In the land of the merlion

Late Wednesday afternoon, a few hours after we arrived in Singapore, I was re-reading a long blog post that I had printed out months ago about taking the train from Bangkok to Singapore (a journey that Steve and I will begin, in reverse, on Sunday). In writing about his time in Singapore, the post’s author had mentioned that he’d taken a bike tour of the city — something I had completely forgotten, even though Steve and I had a wonderful experience touring Bogota, Colombia by bike in May. I all but slapped myself on the forehead. We did some quick research; made a quick call. Found that we could join the morning tour the next day.

That’s how we came to be in Singapore’s financial district, wearing bike helmets and ready to set off at 8:30 Thursday morning with Alfian, our 27-year-old bike-tour guide. Our fellow bikers were  a British guy of Indian descent named Joe, and a Norwegian woman traveling with her 12-year-old daughter. Alfian had given us our orientation lecture, and we were ready to roll out the door, when the skies opened up, unloosing a drenching downpour.


Alfian seemed only a little dismayed. He predicted it wouldn’t last long and advised us to get a coffee at the nearby Starbucks.  We did, but by 9, it was not only still raining, but crackling with lightning and explosions of thunder. Alfian made a phone call to someone and pronounced that the rain was actually only gentle. He suggested that we carry on, and everyone in the group agreed. So off we pedaled into the thunderstorm.

He was right. The downpour and pyrotechnics didn’t last much longer, and the part we experienced felt emblematic of this place overall — dramatic and beautiful and refreshing and actually quite safe. For the vast majority of our three-plus hours with Alfian, we pedaled on level sidewalks or bike paths. None of it was in scary, chaotic traffic. My sleeveless arms were damp, and the breeze generated by the biking cooled me; it was a little like generating our own air conditioning. Best of all, biking and chatting and stopping for photos was a perfect way to see some of Singapore’s many marvels.

I’m embarrassed to admit how little I knew about the place before coming here. But we’ve made up a lot of ground in the last 24 hours. I now understand how this little island at the tip of the Malay peninsula came to be an independent country (no doubt about that!) in 1965, and I’ve gotten a little insight into how the humble one-time fishing village (symbolized by the mermaid) has become transformed into the economic lion it is today — one of the wealthiest and most productive societies in the world. The bike tour yesterday made it crystal clear that the city center is a physically astounding place. Parts of it retain the grandiose classical and Victorian edifices built by the one-time British rulers. The humble but colorful vernacular architecture of their one-time inhabitants (Chinese, Malay, Indian) has been preserved in a couple of enclaves.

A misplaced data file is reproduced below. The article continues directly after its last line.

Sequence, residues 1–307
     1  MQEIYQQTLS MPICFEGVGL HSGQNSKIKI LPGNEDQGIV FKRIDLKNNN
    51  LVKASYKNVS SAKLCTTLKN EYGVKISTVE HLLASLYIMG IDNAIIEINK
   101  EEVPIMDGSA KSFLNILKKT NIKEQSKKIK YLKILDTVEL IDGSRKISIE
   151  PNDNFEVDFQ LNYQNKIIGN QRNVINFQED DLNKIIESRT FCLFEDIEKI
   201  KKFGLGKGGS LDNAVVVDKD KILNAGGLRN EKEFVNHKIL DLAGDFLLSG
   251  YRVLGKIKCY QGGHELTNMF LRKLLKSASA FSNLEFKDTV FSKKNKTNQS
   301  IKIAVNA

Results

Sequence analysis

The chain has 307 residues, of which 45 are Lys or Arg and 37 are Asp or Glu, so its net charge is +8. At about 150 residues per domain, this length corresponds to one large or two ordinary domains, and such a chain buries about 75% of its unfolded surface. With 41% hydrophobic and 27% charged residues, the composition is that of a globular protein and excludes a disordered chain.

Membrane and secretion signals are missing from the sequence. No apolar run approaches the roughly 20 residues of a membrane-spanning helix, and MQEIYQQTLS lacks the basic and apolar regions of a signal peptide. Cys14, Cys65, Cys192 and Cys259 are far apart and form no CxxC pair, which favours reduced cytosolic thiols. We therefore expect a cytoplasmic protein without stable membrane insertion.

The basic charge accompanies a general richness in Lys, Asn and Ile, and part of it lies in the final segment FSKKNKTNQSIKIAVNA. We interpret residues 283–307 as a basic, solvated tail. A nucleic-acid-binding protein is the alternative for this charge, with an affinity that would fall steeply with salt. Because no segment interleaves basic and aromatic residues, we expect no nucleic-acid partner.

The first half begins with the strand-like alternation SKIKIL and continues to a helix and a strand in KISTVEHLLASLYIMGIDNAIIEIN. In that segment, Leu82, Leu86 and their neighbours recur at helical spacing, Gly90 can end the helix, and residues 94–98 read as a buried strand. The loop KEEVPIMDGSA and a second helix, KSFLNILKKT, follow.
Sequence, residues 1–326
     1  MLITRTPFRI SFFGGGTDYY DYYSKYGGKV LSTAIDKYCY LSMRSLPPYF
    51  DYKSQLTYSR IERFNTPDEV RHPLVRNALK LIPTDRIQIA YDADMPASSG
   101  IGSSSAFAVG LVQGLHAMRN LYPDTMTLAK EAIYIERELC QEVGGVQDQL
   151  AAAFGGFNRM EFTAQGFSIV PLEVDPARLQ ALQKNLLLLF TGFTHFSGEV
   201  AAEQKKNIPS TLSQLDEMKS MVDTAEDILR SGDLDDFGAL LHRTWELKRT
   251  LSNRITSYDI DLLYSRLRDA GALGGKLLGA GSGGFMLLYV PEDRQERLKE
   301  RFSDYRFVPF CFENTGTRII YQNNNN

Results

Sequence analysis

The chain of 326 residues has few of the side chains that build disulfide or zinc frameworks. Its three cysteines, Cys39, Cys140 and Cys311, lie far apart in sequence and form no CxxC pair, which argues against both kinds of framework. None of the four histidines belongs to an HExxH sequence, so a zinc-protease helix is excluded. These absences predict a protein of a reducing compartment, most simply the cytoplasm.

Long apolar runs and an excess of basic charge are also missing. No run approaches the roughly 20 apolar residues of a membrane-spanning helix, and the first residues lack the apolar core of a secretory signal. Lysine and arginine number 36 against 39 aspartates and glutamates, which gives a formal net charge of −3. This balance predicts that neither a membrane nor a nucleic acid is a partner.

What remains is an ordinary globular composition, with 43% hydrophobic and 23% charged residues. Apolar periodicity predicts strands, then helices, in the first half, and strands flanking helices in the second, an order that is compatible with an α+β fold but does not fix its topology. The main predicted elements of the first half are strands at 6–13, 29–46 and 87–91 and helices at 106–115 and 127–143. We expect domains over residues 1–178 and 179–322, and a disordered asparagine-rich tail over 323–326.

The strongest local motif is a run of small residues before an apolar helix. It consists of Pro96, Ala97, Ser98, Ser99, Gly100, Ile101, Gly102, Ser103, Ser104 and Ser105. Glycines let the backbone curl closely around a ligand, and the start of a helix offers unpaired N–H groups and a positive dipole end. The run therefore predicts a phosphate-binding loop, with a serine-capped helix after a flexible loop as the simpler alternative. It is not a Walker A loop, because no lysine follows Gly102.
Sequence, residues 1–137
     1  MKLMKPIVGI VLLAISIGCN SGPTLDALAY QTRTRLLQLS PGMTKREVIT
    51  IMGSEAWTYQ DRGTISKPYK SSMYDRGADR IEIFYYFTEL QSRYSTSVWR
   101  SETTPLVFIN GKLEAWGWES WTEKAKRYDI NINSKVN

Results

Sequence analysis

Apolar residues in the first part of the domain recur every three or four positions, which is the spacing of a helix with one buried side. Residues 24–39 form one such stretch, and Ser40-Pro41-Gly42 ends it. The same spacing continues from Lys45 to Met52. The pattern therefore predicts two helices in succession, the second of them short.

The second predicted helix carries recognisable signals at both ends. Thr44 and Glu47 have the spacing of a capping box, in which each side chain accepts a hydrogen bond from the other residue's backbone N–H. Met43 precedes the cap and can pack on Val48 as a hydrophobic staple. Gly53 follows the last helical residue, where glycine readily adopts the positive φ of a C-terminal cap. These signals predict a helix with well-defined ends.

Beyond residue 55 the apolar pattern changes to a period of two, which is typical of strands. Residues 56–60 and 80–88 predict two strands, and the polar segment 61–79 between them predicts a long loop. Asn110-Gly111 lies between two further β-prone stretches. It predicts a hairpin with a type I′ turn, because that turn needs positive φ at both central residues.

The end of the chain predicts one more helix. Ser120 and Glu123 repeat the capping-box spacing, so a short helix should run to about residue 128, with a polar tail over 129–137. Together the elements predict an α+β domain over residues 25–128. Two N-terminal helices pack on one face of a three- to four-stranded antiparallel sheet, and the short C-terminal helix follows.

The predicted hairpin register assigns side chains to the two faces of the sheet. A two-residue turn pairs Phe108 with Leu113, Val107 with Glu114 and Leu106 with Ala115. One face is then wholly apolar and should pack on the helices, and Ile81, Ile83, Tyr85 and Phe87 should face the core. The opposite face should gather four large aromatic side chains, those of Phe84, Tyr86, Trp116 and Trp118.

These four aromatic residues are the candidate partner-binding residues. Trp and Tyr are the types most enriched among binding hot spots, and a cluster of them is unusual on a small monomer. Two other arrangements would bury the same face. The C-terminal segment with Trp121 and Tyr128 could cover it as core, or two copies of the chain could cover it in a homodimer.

A park in the Little India area
The iconic Sultan Mosque, in the center of the historic Muslim district

Elsewhere the Singaporeans have constructed some of the most incredible looking high rises I’ve seen anywhere. They rival (or surpass) the wonders of today’s Shanghai skyline.




The population is multinational — though 74% are ethnic Chinese (many of whose antecedents poured in here in the early 1800s, when Singapore first began thriving as a free port. But about 12% are ethnic Malay, and a similar number are Indian. (Everyone else makes up the other 2%). What charms and delights me is that although the city-state looks and feels intensely Asian, for the most part, people are speaking English (or Singlish, as the weirdly inflected local tongue has been nicknamed). All children study it in school (along with their “native” ethnic language). You can walk anywhere, day or night, and be safe; talk to everyone, and be understood.

Thursday afternoon we spent an hour at the National Museum. Friday we covered a lot more ground; took the metro and a city bus out to the city’s zoological complex in the rainforest. Although the zoo here is reputed to be one of the world’s best, we figured didn’t have the time to do it justice. But Steve and I are total suckers for rivers, and we couldn’t resist a quick visit to the adjoining “River Safari” park devoted to showcasing 8 of the greatest rivers in the world (the Mississippi, Nile, Congo, Mekong, Yangste, Amazon, Ganges, and Mary).

The entrance to the River Safari park — an homage to some of the manatees who are featured prominently

Then we metro’d to the Orchard Street, Singapore’s over-the-top concentration of insanely expensive designer shopping palaces.

Along the way we have been amused by a few reminders that the infamous Singaporean social control still persists. There was that notice about executing drug dealers (on the immigration form). And Alfian told us they still cane rapists and other criminals here.  I haven’t seen any warnings about chewing gum (though they probably don’t sell it in the stores), but I did gasp at the cigarette packages.

Every package of every brand is plastered with a grisly image.


This is a food-obsessed society, but vendors no longer can sell their wares on the street, where it’s too hard to police their sanitary standards. Instead they’ve been moved into wondrous indoor facilities. But that’s the subject of another post. For now, we only have one day left to begin absorb what would probably take a month – or a year to begin to understand.

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